The shaky-kneed kid is confident and brash in the game of baseball, if not in the game of life. All his insecurity melts away. He tells Harriet,
"You have to have the right stuff to play good ball and I have it. I bet some day I'll break every record in the book for throwing and hitting." (1.245)
Even after years banging around the bush leagues, Roy's still confident when he finally gets to the majors. It's been a long road, but he's still got faith in his abilities.
"Try to protect your old age. It don't pay to waste what you earn."
To [Red's] surprise, Roy answered, "To hell with my old age. I will be in this game a long time."
Red rubbed his chin. "How are you so sure?"
"It wasn't for nothing it took me fifteen years to get here. I came for more than the ride and I will leave my mark around here."
Red's surprised to hear that kind of confidence from a rookie. But that's what motivates Roy. Despite his confidence, he's got that dark shadow of the past hanging over him and he's driven to make it this time.
Roy's pretty tight-lipped about his past; he sure doesn't want people to know about the incident with Harriet Bird, especially Max Mercy, the sportswriter who loves to dig up dirt about the players. All he'll say when questioned about where he's been is that he got sidetracked, he's been around. A conversation Roy has with Memo later in the novel is the source of almost all the information we have abut Roy's family background:
Memo was interested. "Weren't you brought up in an orphan's home, Roy?"
"I went there after grandma died."
"Didn't you ever live with your mother?'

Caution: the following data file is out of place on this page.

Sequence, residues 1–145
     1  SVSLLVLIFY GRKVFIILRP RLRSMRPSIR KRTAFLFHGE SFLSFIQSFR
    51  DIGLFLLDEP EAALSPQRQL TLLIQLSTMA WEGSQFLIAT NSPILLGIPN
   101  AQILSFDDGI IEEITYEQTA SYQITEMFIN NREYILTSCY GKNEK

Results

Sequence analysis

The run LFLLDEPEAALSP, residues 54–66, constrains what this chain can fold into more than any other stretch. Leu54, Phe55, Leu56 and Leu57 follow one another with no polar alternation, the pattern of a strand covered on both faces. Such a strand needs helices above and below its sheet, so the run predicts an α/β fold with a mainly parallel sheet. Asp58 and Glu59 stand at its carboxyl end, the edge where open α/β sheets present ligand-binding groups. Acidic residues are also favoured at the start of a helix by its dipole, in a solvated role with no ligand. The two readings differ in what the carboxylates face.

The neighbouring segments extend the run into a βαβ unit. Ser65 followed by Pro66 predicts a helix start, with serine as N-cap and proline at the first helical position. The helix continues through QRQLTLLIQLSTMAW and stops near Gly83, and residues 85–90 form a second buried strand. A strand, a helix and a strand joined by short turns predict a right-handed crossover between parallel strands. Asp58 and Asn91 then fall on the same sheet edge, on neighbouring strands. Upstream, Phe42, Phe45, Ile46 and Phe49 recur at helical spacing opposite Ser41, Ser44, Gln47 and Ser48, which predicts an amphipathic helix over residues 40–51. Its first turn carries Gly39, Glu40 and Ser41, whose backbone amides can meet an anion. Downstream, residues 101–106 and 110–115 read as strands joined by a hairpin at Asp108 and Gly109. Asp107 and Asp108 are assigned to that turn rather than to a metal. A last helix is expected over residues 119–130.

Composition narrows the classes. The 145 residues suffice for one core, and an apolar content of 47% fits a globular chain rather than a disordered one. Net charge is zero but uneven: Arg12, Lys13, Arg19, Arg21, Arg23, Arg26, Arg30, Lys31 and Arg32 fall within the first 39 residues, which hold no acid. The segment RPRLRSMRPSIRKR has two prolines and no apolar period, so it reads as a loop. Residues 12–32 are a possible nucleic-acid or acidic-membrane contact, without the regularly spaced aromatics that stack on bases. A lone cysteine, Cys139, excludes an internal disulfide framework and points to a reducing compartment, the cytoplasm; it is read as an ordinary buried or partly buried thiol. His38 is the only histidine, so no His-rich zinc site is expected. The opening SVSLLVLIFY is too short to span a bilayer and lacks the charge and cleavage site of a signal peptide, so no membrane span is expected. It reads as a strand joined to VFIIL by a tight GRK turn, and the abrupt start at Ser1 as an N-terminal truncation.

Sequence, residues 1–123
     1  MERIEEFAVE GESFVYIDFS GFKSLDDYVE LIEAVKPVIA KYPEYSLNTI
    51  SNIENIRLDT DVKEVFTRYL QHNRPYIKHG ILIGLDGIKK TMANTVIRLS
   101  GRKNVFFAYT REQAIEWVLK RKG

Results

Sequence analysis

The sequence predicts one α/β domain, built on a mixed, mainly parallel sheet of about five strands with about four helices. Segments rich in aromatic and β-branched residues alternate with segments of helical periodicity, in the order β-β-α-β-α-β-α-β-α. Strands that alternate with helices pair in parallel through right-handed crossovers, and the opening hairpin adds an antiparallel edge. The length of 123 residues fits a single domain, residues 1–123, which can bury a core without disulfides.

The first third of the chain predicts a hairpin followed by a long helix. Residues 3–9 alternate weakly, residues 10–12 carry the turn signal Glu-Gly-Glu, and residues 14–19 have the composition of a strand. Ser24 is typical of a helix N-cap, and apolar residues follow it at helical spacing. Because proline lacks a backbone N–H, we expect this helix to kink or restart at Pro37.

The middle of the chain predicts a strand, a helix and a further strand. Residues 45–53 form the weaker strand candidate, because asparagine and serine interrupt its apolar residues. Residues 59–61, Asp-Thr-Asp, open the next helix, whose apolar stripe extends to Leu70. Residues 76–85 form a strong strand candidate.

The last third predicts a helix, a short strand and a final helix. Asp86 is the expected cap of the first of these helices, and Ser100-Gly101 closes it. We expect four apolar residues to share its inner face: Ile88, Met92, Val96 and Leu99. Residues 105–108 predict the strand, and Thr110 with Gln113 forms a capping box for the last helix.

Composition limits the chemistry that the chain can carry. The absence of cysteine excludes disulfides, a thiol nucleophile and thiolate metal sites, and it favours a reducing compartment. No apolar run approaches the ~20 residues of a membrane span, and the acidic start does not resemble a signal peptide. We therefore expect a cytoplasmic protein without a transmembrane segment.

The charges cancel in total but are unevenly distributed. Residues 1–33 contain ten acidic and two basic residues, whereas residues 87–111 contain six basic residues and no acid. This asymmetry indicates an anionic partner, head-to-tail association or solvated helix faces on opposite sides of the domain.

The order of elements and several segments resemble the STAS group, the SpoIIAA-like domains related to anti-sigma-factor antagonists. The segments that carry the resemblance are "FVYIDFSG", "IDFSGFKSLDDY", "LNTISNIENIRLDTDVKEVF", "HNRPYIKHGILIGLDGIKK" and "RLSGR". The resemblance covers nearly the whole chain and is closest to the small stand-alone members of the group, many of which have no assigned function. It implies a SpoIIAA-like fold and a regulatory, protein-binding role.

"He was suddenly thoughtful. "Seven years."
"What was she like? Do you remember?"
"A whore. She spoiled my old man's life. He was a good guy but died young." (8.143-48)
From this delightful little snippet we find out that Roy had a troubled childhood, being passed between relatives and finally ending up in an orphanage. Later, he recalls a memory of his mother drowning the family cat, and how the cat fought and clawed her in an attempt to survive. That tells us something about how Roy sees his own attempt to survive his family. It also explains a lot about Roy and women. He tends to attract the bad ones: one shoots him, the other one rejects him because he's poor, and the third one is nice to him but he can't deal with it.
Eventually, Max Mercy gets to the bottom of things and publishes a photo of Roy lying on the ground after being shot by Harriet Bird. The mystery unravels at the same time that Roy's career ends in disgrace. Is Malamud trying to tell us something about the danger of secrets?
Today, Roy would have probably sold his story to People and he'd be seen as a hero for overcoming adversity.
Along with Roy's ambition for baseball glory comes a healthy appetite for money, even if he doesn't have any. He's always poor, and he's always sick of being poor, but even as the star of a winning team he can't seem to dig himself out of the hole.
Roy's ambition is what makes him want to be great. However, it's also what lets him fall into temptation in the end and lose everything. Check out this conversation with Memo:
In a cracked voice he said, "Just marry me."
[…] She came to him, her white hands clasped, her wet eyelids like sparkling flowers. "There's one thing you have to understand, Roy, and then maybe you won't want me. That is that I am afraid to be poor." (9.46-49)
After he hears this, Roy starts reassuring Memo that he's got big plans for investing and getting rich. She's not convinced (she knows he has zero experience with business or money). So she coyly brings up the possibility of fixing games: